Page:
Yes-Yes Years (1991) (NTSC)
|Year Of Production||1991|
|RSDL / Flipper||RSDL (72:36)||Cast & Crew|
|Region Coding||4||Directed By||Michael McNamara|
|Pan & Scan/Full Frame||Full Frame||English Linear PCM 48/16 2.0 (1536Kb/s)|
|Widescreen Aspect Ratio||None|
|Video Format||480i (NTSC)|
|Original Aspect Ratio||1.33:1||Miscellaneous|
|Annoying Product Placement||No|
|Action In or After Credits||No|
This is a fairly significant documentary (I would hesitate to use the word "rockumentary") of progressive rock group Yes.
Yes was founded in 1968 and amazingly still exists as a band today, with their most recent album - Magnification - released in 2001. The band line up has changed dramatically over the years (interestingly, the only band member to have played in all the albums is Chris Squire), with some band members having left and returned more than once.
This documentary was filmed in 1991, to coincide with the reunion of most of the key members (and ex-members) of the band into a composite "mega" group consisting of:
This mega-group did a very successful world tour, featuring three-hour concerts that showcased material from various incarnations of the band, and an accompanying album called Union.
The documentary, over two hours long, captures the band during rehearsals for the 'Union' tour (in colour, filmed at the Pensacola Civic Center, Florida), as well as individual interviews with band members (for some reason filmed in black-and-white).
As you would expect from a documentary over two hours long, we get to hear in-depth discussions about various band members joining and leaving and re-joining, excerpts from various music videos, the making of various albums, and insights into many of the band's individuals. The documentary even covers former band members not present in the reunion tours, such as Patrick Moraz and Trevor Horn, and solo albums released by various band members.
The material in this documentary would no doubt be of great interest to fans. Even those with only a passing acquiantance with the band will find the feature watchable.
|1. I've seen all good people|
3. Yours is no disgrace
4. Close to the edge
5. Going for the one
|6. Owner of a lonely heart|
7. Heart of the sunrise
8. Leave it
9. Tempus fugit
10. Siberian khatru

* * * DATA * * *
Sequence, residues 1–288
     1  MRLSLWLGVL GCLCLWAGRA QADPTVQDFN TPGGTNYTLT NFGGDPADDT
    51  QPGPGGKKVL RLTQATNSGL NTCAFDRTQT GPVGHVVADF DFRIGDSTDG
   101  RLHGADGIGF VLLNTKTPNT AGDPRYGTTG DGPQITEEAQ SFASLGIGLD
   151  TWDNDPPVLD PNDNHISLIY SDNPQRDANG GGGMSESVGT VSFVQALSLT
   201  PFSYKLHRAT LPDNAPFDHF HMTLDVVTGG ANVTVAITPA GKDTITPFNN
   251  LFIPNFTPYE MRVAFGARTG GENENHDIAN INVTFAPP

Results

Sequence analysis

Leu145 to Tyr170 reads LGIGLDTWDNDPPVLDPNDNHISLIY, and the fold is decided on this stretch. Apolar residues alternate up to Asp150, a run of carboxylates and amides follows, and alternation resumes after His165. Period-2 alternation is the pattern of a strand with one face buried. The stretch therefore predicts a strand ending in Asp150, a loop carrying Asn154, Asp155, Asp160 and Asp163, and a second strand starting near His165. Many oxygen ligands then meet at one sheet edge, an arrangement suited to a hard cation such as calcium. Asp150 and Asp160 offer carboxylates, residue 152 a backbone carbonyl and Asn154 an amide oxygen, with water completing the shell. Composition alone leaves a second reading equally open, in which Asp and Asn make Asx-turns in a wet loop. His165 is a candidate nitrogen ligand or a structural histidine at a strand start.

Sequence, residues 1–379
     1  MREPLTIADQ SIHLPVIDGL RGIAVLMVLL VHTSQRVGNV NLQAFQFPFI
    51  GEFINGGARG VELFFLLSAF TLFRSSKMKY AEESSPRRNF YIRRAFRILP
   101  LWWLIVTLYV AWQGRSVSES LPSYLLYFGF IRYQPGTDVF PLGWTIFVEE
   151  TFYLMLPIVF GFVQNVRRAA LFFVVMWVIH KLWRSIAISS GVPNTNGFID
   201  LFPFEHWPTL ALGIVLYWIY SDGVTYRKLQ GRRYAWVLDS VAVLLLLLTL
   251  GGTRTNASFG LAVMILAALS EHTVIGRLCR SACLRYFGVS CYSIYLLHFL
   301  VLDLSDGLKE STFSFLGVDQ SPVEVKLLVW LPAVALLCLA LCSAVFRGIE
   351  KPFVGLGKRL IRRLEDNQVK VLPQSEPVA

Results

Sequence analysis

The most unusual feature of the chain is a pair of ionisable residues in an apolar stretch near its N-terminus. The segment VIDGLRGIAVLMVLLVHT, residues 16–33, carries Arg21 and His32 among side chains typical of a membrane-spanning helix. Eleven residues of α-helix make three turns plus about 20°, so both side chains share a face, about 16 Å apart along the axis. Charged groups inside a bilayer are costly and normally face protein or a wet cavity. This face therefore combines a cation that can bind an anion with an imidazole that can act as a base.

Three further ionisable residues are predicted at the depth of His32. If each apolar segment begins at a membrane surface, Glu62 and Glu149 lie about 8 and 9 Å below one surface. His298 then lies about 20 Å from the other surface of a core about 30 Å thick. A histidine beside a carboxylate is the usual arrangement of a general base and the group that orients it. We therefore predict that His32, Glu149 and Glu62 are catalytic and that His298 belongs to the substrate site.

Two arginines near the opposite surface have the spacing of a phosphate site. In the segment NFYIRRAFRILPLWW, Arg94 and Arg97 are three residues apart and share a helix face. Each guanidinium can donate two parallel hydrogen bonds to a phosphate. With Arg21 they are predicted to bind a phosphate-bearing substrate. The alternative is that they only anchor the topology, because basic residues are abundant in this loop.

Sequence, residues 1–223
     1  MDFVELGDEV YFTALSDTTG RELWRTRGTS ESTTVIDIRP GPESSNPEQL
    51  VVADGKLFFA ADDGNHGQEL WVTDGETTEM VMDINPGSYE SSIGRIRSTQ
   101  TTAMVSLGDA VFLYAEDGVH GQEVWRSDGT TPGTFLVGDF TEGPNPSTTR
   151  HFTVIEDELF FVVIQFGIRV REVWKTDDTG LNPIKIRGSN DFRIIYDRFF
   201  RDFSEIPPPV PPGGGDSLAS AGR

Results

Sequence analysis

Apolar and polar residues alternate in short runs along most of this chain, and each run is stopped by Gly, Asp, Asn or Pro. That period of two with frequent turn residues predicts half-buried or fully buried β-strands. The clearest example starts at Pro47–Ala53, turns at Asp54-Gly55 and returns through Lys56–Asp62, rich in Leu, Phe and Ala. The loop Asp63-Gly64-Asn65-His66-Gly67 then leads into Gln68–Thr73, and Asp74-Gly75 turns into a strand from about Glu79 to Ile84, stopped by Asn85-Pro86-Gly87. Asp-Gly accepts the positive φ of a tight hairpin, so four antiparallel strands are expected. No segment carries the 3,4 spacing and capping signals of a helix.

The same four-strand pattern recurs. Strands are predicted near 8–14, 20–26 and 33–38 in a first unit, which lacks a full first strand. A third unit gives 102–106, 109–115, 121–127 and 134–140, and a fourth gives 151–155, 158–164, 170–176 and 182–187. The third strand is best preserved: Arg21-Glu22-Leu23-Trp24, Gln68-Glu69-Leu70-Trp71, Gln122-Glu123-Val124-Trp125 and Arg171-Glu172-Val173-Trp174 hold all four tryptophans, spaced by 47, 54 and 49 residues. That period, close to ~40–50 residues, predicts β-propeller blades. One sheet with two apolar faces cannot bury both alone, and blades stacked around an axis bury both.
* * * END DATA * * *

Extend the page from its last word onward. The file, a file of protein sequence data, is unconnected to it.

We get a transfer presumably straight off the analogue master video tape, resplendent in full frame and NTSC glory.
Given the age of the documentary, I was surprised at how good it still looks. The interview footage is reasonably clear, even the material shot in "black and white" (for "artistic" reasons, perhaps?) and I did not notice any pixelization at all. I also did not notice significant compression artefacts, which was slightly surprising given the length of the documentary.
Colour saturation was acceptable and detail levels slightly above average (for what must presumably be an interlaced analogue video source).
The historical footage is of course more variable in quality, and generally suffers from numerous analogue video artefacts such as microphony, over-saturation, over-modulation, low-level video noise etc.
There are English subtitle tracks, which I engaged. These are quite good, and only very occasionally simplified the dialogue. They also did a good job spelling people's names etc., which can be a challenge when you are the poor person trying to decipher what is being said.
This is a single sided dual layered disc (RSDL). The layer change occurs at the end of Chapter 37 around 72:36 and is well placed, as it occurs during a natural pause in between scenes.
Surprisingly, we get an English Linear PCM 48/16 2.0 (1536Kb/s) audio track, so obviously the DVD authors are quite particular about Yes fans getting the best possible audio fidelity for the documentary (or maybe it's because the authoring was done from the master used for the Laserdisc edition and the authoring team didn't want to waste time re-encoding the audio).
Again, considering that the original probably came from an analogue video tape, the quality of the audio track is surprisingly good. Dialogue was crystal clear, and there were no issues with audio synchronization.
Again, the historical footage results in audio quality that varies from mediocre to acceptable.
Since this is a 2.0 audio track, there is no surround channel or subwoofer usage.
|Surround Channel Use|
There are no extras on this disc. There isn't even a main menu, as such, only a set of scene selection menus.
NOTE: To view non-R4 releases, your equipment needs to be multi-zone compatible and usually also NTSC compatible.
This title does not seem to be easily available in Region 1, but I don't suppose it to be vastly different from the R4.
Yes Years is the definitive "rockumentary" of progressive rock band Yes, or at least definitive as of 1991. Of interest to Yes fans and rock historians.
The video transfer quality is acceptable.
The audio transfer quality is better than average.
There are no extras.
|DVD||Panasonic DVD-RP82, using Component output|
|Display||Sony VPL-VW11HT LCD Projector, ScreenTechnics 16x9 matte white screen (254cm). Calibrated with Video Essentials/Ultimate DVD Platinum. This display device is 16x9 capable.|
|Audio Decoder||Built in to amplifier/receiver. Calibrated with Video Essentials/Ultimate DVD Platinum.|
|Amplification||Denon AVC-A1SE (upgraded)|
|Speakers||Front and surrounds: B&W CDM7NT, front centre: B&W CDMCNT, surround backs: B&W DM601S2, subwoofer: B&W ASW2500|